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Google chairman Eric Schmidt had some harsh words to say about the U.S. government’s personal data collecting methods led by the National Security Agency (NSA).
In particular, Schmidt took issue with the NSA possibly infiltrating Google’s private data centers, which would not only put Google at risk but also everyone who shared personal information using a Google account. He also said he filed complaints and concerns with the NSA, the President, and many members of Congress, but has since not been satisfied.
“It’s really outrageous that the National Security Agency was looking between the Google data centers, if that’s true. The steps that the organization was willing to do without good judgment to pursue its mission and potentially violate people’s privacy, it’s not OK,” Schmidt told The Wall Street Journal yesterday. “The Snowden revelations have assisted us in understanding that it’s perfectly possible that there are more revelations to come.”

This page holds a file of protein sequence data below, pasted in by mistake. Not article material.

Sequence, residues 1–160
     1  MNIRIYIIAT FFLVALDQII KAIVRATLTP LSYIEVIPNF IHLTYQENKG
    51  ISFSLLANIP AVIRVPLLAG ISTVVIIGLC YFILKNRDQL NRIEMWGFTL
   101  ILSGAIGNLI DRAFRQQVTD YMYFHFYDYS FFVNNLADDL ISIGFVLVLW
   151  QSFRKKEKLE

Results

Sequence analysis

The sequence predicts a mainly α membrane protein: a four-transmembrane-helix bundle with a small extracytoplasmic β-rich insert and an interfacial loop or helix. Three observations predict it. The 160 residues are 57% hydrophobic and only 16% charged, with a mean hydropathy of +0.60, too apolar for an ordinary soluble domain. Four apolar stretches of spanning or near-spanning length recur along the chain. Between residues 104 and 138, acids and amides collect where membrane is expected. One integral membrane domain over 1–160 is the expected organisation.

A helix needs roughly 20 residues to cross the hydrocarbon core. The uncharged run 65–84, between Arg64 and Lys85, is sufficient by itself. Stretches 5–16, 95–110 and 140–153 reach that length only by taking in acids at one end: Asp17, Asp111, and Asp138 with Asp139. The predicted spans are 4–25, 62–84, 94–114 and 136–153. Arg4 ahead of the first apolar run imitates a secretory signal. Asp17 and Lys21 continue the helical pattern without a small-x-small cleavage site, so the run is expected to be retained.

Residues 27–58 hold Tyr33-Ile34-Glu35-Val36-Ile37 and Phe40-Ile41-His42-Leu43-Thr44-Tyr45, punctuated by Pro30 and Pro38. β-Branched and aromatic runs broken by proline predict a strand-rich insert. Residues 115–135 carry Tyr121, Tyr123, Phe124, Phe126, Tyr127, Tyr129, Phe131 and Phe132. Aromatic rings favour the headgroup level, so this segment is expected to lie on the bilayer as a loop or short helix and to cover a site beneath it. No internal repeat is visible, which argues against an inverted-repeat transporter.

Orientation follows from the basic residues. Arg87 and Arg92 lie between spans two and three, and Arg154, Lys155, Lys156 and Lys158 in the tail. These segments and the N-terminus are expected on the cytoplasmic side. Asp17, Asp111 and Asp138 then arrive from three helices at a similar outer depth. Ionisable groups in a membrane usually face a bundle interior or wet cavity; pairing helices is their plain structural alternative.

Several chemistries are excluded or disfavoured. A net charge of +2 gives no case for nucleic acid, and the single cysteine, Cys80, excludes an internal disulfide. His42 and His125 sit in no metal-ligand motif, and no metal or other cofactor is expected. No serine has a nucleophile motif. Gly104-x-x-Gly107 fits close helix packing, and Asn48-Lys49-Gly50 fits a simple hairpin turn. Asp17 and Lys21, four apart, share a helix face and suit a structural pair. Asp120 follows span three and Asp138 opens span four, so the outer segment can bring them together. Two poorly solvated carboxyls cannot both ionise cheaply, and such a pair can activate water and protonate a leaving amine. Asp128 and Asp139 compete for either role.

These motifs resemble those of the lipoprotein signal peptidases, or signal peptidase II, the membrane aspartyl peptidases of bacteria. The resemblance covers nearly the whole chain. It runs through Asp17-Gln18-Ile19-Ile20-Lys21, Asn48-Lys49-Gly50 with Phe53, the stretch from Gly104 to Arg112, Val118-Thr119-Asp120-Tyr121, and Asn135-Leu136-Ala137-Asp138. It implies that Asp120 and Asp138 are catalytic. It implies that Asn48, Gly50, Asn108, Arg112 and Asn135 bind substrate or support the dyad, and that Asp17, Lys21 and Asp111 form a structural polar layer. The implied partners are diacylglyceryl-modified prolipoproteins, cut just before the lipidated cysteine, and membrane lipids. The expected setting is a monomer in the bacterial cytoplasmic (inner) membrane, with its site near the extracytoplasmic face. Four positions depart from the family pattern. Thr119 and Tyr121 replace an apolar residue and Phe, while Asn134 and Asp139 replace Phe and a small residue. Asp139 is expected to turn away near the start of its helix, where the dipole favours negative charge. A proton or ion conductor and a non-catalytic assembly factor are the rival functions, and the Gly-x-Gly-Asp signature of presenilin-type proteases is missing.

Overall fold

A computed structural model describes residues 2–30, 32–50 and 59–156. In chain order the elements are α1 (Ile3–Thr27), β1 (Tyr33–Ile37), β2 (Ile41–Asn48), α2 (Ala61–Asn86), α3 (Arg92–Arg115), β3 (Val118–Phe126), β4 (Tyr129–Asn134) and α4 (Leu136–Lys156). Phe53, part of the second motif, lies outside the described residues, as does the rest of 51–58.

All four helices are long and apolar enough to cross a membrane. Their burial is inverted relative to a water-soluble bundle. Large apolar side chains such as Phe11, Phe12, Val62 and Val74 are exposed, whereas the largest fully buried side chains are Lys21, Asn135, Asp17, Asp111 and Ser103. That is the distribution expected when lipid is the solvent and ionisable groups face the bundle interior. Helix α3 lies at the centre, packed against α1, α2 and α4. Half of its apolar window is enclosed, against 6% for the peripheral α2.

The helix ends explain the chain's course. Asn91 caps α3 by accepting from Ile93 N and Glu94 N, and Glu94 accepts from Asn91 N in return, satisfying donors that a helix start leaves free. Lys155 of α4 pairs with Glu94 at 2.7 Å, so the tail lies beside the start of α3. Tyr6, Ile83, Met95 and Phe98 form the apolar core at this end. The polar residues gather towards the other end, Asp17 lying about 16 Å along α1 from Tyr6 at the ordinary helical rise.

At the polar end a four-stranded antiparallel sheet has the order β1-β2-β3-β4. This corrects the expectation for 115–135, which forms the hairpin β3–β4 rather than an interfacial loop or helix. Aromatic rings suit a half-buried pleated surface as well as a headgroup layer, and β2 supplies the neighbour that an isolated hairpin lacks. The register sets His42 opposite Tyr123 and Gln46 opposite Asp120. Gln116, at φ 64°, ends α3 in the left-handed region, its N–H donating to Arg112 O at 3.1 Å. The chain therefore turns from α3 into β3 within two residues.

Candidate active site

Schmidt’s words aren’t exactly surprising, considering nearly everyone in the tech industry is concerned with the revelations that came from Edward Snowden’s leaked intel on the NSA’s data gathering methods. What will be interesting is if Google decides to bring forth a huge lawsuit against the U.S. government, should it turn out that there was foul play. I could easily see the company not backing down from a fight, just to prove the point that this sort of behavior won’t be tolerated ever again.
The WSJ has the full video interview live on its Digits blog for anyone who’d like to see it.
Google's innovative search technologies connect millions of people around the world with information every day. Founded in 1998 by Stanford Ph.D. students Larry Page and Sergey Brin, Google today is a top web property in all major glob... read more »
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